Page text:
But there is yet another way of understanding this.  We can say that, having made a mental model of something in the world outside of us, we then project our model on to that object.  The ambiguous object then becomes identical to our mental model of it.  Some people call this process interaction ; we are not so much passive observers of the world, are active observers who do, in fact, play our part in creating the world.  And so, as we go on discovering new things, the world becomes what we ourselves make of it.  In older times this same process was known as participation ; we participate in the material world, while the world participates in us.  As we change as a result of our participation in the world, so the world changes as a result of its participation in us.

    Much to meditate on here!

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On being blind

When I consider how my light is spent

Ere half my days in this dark world and wide,

And that one talent which is death to hide

Lodg’d with me useless, though my soul more bent

To serve therewith my Maker, and present

My true account, lest he returning chide,

“Doth God exact day-labour, light denied?”

I fondly ask. But Patience, to prevent

That murmur, soon replies: “God doth not need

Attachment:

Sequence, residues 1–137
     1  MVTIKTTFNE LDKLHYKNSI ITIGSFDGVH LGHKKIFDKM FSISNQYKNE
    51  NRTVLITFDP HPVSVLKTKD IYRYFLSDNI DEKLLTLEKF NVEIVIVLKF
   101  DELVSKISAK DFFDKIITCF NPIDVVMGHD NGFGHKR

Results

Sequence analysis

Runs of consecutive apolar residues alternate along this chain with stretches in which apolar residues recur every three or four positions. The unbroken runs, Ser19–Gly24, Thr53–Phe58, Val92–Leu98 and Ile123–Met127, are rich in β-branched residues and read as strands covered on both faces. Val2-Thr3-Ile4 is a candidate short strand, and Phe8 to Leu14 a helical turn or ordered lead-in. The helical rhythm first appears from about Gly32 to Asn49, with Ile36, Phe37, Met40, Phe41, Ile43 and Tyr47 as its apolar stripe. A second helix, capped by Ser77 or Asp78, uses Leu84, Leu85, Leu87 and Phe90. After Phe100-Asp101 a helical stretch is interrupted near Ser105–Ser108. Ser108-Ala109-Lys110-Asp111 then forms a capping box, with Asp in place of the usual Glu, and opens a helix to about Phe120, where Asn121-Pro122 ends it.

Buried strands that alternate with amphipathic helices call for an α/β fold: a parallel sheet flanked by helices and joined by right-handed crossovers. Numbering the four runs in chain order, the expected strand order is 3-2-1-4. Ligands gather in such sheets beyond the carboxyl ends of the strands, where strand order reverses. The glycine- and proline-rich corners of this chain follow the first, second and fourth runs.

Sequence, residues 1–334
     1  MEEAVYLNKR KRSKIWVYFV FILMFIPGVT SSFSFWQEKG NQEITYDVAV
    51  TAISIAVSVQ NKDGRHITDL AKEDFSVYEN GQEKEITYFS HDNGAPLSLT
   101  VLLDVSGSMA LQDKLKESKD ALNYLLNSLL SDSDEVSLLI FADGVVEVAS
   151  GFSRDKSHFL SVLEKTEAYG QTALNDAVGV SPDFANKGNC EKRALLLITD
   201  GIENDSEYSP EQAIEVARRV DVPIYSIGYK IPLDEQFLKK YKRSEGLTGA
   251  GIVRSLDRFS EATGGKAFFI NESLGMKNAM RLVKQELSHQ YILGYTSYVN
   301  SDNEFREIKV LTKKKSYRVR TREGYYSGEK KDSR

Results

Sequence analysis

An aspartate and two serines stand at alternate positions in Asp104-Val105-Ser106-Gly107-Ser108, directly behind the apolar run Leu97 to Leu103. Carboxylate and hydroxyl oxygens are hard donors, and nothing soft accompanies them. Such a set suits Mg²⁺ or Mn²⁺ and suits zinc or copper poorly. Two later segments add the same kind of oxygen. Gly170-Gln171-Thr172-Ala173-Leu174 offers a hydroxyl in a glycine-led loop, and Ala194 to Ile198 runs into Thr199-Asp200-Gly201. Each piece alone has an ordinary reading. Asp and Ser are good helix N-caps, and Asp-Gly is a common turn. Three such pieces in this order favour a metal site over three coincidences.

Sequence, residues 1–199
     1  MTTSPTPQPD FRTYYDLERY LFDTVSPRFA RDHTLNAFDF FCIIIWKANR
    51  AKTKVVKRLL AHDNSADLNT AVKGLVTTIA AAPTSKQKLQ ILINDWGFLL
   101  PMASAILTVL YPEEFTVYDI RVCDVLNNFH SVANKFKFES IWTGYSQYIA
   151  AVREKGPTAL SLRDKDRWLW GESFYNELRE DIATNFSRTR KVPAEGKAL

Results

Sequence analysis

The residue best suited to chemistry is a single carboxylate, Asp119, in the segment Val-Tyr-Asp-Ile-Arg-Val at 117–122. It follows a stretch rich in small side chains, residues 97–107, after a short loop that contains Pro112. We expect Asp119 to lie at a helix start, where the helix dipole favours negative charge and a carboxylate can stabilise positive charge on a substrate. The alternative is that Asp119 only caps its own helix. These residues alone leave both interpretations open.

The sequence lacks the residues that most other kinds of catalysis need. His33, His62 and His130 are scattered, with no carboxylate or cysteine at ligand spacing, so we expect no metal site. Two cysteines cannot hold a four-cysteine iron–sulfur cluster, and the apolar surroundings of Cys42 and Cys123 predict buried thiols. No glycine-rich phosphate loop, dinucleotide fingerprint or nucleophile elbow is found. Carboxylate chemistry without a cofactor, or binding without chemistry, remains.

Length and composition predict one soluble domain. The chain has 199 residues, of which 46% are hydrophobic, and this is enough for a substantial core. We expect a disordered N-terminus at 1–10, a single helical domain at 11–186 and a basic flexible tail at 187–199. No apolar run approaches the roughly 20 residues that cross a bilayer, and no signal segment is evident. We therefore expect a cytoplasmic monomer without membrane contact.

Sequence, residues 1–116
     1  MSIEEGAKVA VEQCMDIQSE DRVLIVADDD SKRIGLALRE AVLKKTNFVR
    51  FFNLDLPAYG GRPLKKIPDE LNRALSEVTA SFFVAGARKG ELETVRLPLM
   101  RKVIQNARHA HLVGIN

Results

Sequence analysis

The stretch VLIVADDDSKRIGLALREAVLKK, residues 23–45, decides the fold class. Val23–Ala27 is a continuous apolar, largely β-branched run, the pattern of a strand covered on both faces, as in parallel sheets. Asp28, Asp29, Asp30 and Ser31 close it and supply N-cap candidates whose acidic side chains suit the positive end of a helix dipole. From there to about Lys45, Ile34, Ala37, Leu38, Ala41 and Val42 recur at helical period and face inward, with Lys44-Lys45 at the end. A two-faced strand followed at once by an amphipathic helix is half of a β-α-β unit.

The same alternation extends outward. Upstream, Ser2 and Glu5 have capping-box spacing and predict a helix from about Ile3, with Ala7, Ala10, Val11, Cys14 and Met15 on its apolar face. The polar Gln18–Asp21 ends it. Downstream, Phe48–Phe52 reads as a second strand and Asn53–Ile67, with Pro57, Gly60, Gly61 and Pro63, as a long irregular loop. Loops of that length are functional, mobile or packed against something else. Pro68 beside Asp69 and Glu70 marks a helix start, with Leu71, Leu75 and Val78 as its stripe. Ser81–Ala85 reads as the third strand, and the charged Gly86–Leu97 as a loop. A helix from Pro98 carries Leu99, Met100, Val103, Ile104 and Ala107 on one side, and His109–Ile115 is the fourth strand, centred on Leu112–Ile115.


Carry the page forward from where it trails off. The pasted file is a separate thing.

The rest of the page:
Either man’s work or his own gifts: who best

Bear his mild yoke, they serve him best. His state

Is kingly; thousands at his bidding speed

And post o’er land and ocean without rest:

They also serve who only stand and wait.”

By John Milton

____________________________

I suspect that the opening line of this poem is something of a puzzle to modern readers.  What do the words, “When I consider how my light is spent” mean?  How can one spend one’s light, as if it were a substance which we possess ; and which might become depleted or lost?

To understand the line better we might revisit an older psychology, that which was well understood from antiquity right up until the time when a much duller way of understanding the world was ushered in (unintentionally) by the scientific revolution.

By painful degrees that revolution has relegated man to the position of being a mere passive observer of the world he lives in.  But, in more lively and creative ages than this, intelligent people knew that, far from being  detached observers, we are actually a part of the world.  And, being a dynamic part of the world, we affect it simply by being here.  Merely by observing the world and taking an interest in it, we alter it.  And we alter it for good or for ill according to the state of our consciences.

This principle of worldly activity was known as participation.

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The Rainbow’s  easy stretch, from wood to vale,
Sends out its borrowed colours, and the eyes
Remember the promise in legend old.

Green are the clothes of the Trees
And green the raiment of Earth ;
As fresh the promise grows.

Lively flow the Rivers of Life
That change in tune with Time.
And all is borne in Hope.

Far travels the Sun, what way He will ;
And fair the Moon that follows.
Gold and silver the promise lightens.

The image and likeness sees all these
And names them to existence.
And makes them known and real.

Jamie MacNab

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Other ideas on rainbows.